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Written stuttering disclosure (Snyder et al., 2021)

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posted on 26.08.2021, 16:57 by Greg Snyder, Ashlee Manahan, Peyton McKnight, Myriam Kornisch
Purpose: This study measured between-groups differences in perceived speech skills and personality characteristics of a 12-year-old male child who stutters (CWS) as a function of a written factual stuttering disclosure statement, delivered by the CWS, his “mother,” or his “teacher.”
Method: Four hundred twenty-four college-age adults were assigned to one of four groups, including three experimental groups (i.e., written self-disclosure, mother-written disclosure, and teacher-written disclosure) and a control group (no written disclosure). Participants in the control conditions viewed a brief video of the CWS. In the experimental conditions, participants read a brief written disclosure statement for 30 s, followed by the same video used in the control condition. After viewing the video, all participants completed surveys relative to their perceptions of the CWS speech skills and personality characteristics.
Results: Results reveal that a written stuttering disclosure statement provided by the mother correlated with select significant desirable perceptual differences of the CWS, while a written disclosure statement provided by the CWS yielded insignificant or even undesirable perceptual differences of the CWS. Written stuttering disclosures provided by a “teacher” did not yield any significant between-groups differences in the perception of a CWS. Gender affiliation was found to be a source of covariance in a number of perceived speech skills and personality characteristics.
Conclusions: Written stuttering disclosure statements provided by the “mother” correlated with select favorable perceptual differences of speech skills and personal characteristics of a CWS. Clinically, the application of novel methods (written and oral disclosure statements) and sources (i.e., CWS advocates such as “mother” and “teacher”) of stuttering disclosure statement can be integrated into a systematic therapeutic program, creating an innovative approach of scaffolding self-advocacy via stuttering disclosure in CWS.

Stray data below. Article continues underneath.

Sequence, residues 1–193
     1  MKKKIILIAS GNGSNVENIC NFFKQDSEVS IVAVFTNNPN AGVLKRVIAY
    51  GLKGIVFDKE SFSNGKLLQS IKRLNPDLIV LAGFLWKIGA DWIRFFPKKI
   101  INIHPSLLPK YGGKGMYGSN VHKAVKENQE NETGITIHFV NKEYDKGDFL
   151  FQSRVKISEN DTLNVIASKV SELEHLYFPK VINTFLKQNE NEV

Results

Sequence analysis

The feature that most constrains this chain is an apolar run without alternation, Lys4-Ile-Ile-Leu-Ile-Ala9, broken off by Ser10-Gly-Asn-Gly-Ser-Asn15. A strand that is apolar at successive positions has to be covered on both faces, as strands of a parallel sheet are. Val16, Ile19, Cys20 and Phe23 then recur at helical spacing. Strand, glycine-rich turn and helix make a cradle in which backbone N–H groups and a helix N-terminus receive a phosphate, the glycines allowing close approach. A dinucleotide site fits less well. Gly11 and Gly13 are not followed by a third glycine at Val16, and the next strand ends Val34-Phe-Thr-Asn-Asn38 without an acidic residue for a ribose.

Supplemental Material S1. The effects of written stuttering disclosure statements on speech intelligibility.

Supplemental Material S2. The effects of written stuttering disclosure statements on speech fluency.

Supplemental Material S3. The effects of written stuttering disclosure statements on speech rate.

Supplemental Material S4. The effects of written stuttering disclosure statements on speech volume.

Supplemental Material S5. The effects of written stuttering disclosure statements on degree of handicap.

Supplemental Material S6. Gender affiliation as a source of covariance in the perceptions of the reliable/unreliable continuum.

Supplemental Material S7. The effects of written stuttering disclosure statements on the unafraid/fearful continuum.

Supplemental Material S8. The effects of written stuttering disclosure statements on the intelligent/unintelligent continuum.

Supplemental Material S9. The effects of written stuttering disclosure statements on the confident/insecure continuum.

Supplemental Material S10. The effects of written stuttering disclosure statements on the friendly/unfriendly continuum.

Supplemental Material S11. The effects of written stuttering disclosure statements on outgoing/shy continuum.

Supplemental Material S12. The effects of written stuttering disclosure statements on the competent/incompetent continuum.

Supplemental Material S13. The effects of written stuttering disclosure statements on the approachable/unapproachable continuum.

Snyder, G., Manahan, A., McKnight, P., & Kornisch, M. (2021). The effects of written stuttering disclosure on the perceptions of a child who stutters. Language, Speech, and Hearing Services in Schools. Advance online publication. https://doi.org/10.1044/2021_LSHSS-20-00119

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